Frozen Shoulder

Frozen shoulder


  • Poorly understood condition causing substantial pain and movement restriction.
  • Can be differentiated into primary (idiopathic) and secondary onset.
  • Secondary FS can be intrinsic, extrinsic, or systemic.
  • Inflammation and capsular fibrosis are likely due to metabolic syndrome and chronic low-grade inflammation.
  • The disease process progresses from inflammation to capsular fibrosis


  • Primary FS affects 2 to 5.3% of the general population.
  • Secondary FS prevalence increases with diabetes mellitus and thyroid disease.
  • Most cases occur between ages 40 and 65, slightly higher prevalence in women.
  • Contralateral occurrence within five years was reported in 17% of cases.
  • Non-dominant side may be affected more often.

Clinical Picture

  • Shoulder pain radiating into the upper arm, severe and diffuse.
  • Onset is sudden or gradual with progressive pain and stiffness.
  • Pain is described as constant, severe, and exacerbated by movement.


  • Equal loss of active and passive range of motion. External rotation loss of at least 50% of 30° and 25% loss in at least 2 other planes compared to the other side
  • Medical history includes diabetes, cardiovascular disease, smoking, and high cholesterol.
  • Active muscle guarding may contribute to loss of range of motion. Test Pseudo-Frozen Shoulder with the Coracoid Pain Test


  • Tailored physiotherapeutic treatment based on reactivity degree.
  • Steroid injections are effective for pain, function, and self-reported success in the early stages.
  • Hydro-distension injections provide short-term benefits in pain and range of motion.
  • Manipulation under anesthesia and arthroscopic capsular release are last-resort options with limited evidence and potential complications.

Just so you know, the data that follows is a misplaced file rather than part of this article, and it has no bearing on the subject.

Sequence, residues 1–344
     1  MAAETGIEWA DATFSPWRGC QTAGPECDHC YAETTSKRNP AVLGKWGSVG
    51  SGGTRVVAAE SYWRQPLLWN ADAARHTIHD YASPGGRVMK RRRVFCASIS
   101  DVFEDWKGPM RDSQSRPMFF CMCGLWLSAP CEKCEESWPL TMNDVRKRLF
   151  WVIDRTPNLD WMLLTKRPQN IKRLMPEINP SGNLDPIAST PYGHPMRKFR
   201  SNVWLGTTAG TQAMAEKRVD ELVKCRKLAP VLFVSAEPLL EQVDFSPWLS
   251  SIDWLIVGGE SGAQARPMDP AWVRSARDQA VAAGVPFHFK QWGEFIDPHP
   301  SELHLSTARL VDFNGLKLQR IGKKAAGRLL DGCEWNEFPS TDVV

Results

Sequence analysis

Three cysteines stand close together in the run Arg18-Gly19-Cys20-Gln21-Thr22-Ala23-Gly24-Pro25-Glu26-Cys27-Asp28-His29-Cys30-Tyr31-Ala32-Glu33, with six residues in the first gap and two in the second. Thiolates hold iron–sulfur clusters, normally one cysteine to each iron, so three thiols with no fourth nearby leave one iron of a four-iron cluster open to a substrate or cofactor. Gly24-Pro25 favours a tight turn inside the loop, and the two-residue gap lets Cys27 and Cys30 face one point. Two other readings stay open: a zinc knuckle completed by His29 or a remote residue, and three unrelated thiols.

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Carbone, S., Gumina, S., Vestri, A. R., & Postacchini, R. (2010). Coracoid pain test: a new clinical sign of shoulder adhesive capsulitis. International orthopaedics34, 385-388.

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Lee, S. Y., Park, J., & Song, S. W. (2012). Correlation of MR arthrographic findings and range of shoulder motions in patients with frozen shoulder. American Journal of Roentgenology198(1), 173-179.

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Pietrzak, M. (2016). Adhesive capsulitis: an age related symptom of metabolic syndrome and chronic low-grade inflammation?. Medical Hypotheses88, 12-17.

Ryan, V., Brown, H., Minns Lowe, C. J., & Lewis, J. S. (2016). The pathophysiology associated with primary (idiopathic) frozen shoulder: A systematic review. BMC musculoskeletal disorders17, 1-21.

Tasto, J. P., & Elias, D. W. (2007). Adhesive capsulitis. Sports medicine and arthroscopy review15(4), 216-221.

Vermeulen E, Schuitemaker R, Hekman K, van der Burg D, Struyf F. Fysiotherapie bij Frozen Shoulder: aanbevelingen vanuit SchouderNetwerken Nederland. FysioPraxis: vakinformatie voor de fysiotherapeut in de praktijk.-Houten, 1992, currens. 2017;26(7):13-7.

Xiao, R. C., Walley, K. C., DeAngelis, J. P., & Ramappa, A. J. (2017). Corticosteroid injections for adhesive capsulitis: a review. Clinical Journal of Sport Medicine27(3), 308-320.

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